Julian May on folk

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The Independent Online
The Queen Elizabeth Hall is more a lecture theatre than a dance venue. Even the most effervescent performers have difficulty stirring the frigid gloom of the place - last time Salif Keita sang there, he actually knelt at the front of the stage appealing to his audience to get up and move. This adds to the allure of the big gig on Sunday of this year's excellent South Bank Folk Festival, the only appearance in England of La Bottine Souriante, who have been blasting their traditional Quebecois cajun celtic salsa jazz around the world for 20 years. The cover of their new CD, La Mistrine, makes their intention clear: in Bruegal's Peasant Wedding, cunningly dotted among the dancers strutting, codpieces akimbo, is the band. Here a shaven-headed accordionist in shades, a fiddler, double bass, mandolin, there a singer in pork-pie hat and matching paunch, and, jamming alongside Bruegal's piper, a sax player and a trombonist, half of their horn section. Le Bottine Souriante look quite at home.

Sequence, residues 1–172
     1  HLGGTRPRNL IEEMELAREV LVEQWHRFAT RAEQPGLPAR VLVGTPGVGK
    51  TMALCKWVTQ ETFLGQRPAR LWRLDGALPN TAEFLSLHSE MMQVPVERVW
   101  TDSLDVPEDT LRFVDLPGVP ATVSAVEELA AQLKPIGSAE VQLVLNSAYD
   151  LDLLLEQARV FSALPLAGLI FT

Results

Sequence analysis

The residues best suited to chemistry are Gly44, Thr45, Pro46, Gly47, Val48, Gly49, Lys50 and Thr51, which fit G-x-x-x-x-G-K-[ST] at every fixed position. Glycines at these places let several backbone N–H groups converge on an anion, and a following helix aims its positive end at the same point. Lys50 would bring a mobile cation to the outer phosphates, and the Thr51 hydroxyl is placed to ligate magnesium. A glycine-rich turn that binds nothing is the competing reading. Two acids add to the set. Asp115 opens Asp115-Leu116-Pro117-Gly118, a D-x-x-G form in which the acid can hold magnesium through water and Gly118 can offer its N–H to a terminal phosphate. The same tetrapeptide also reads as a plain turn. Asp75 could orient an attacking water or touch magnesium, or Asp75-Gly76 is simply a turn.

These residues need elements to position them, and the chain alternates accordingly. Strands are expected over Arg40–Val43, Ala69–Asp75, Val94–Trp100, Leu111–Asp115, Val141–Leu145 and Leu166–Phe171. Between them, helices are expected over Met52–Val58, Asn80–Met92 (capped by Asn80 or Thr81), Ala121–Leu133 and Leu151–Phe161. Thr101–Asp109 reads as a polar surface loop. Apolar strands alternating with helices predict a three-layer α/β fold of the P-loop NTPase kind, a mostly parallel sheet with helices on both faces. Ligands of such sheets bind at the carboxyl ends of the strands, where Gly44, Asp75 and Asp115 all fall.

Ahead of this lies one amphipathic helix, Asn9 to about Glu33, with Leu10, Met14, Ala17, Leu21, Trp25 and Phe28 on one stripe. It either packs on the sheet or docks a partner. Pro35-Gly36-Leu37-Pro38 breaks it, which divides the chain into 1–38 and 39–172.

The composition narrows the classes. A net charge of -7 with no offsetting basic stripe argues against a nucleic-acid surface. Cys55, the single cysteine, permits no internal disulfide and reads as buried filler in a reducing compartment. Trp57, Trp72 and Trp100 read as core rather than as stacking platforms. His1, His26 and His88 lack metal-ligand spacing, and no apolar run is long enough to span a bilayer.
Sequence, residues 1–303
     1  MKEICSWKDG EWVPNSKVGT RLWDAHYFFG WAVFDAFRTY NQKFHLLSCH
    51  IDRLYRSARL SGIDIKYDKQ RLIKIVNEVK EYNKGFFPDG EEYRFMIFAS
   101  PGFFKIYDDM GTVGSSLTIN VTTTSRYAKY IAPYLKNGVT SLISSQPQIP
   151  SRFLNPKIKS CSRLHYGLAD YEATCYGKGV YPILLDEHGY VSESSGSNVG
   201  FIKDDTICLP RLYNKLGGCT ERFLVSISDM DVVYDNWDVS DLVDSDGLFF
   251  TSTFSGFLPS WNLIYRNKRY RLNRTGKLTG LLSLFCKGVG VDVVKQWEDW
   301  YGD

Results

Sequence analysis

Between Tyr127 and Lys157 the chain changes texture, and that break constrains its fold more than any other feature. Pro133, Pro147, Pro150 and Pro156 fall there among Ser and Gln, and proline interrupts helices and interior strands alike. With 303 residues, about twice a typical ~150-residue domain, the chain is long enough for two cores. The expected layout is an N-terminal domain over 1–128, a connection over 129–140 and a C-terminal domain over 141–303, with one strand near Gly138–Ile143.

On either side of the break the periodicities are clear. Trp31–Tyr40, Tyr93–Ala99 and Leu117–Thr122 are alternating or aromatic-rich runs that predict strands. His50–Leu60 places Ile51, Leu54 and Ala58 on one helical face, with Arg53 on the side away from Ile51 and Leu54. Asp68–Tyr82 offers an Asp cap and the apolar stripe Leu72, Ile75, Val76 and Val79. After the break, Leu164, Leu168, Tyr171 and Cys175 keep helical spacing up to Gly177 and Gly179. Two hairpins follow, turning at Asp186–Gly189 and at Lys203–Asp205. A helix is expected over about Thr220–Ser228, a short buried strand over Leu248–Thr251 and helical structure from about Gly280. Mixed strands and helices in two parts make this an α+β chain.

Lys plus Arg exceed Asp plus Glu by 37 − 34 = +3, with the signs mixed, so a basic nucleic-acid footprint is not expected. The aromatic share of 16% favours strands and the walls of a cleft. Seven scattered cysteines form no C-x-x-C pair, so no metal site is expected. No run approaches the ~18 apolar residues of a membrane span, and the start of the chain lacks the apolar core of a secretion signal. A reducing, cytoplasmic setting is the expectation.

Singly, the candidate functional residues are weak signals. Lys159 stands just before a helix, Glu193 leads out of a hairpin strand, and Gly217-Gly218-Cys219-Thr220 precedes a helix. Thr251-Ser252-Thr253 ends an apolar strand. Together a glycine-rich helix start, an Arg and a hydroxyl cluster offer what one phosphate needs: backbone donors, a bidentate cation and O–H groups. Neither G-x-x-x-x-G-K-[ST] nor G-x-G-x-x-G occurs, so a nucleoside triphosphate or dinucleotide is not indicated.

Singer Yves Lambert started La Bottine (which means "Smiling Boots") in 1976 as a four-piece, playing old-time music "mostly at pig fairs and potato festivals". But, after the referendum in 1980, when they voted against secession, the Quebecois turned away from traditional music, so the band travelled elsewhere, absorbing other influences and musicians from different idioms. In 1990 the brass section - including a bass trombone - brought their number to nine.

La Bottine Souriante are a serious good time band - and they can really play. Stewards at the QEH beware, they won't have to get on their knees to get the audience on its feet.

La Bottine Souriante are at The Queen Elizabeth Hall, London SE1 (0171- 960 4242) Sun at 7.45pm as part of the South Bank Folk Festival (to 23 Aug), which also features The Poozies, Martin Carthy and Dave Swarbrick, Norma Waterston and Eliza Carthy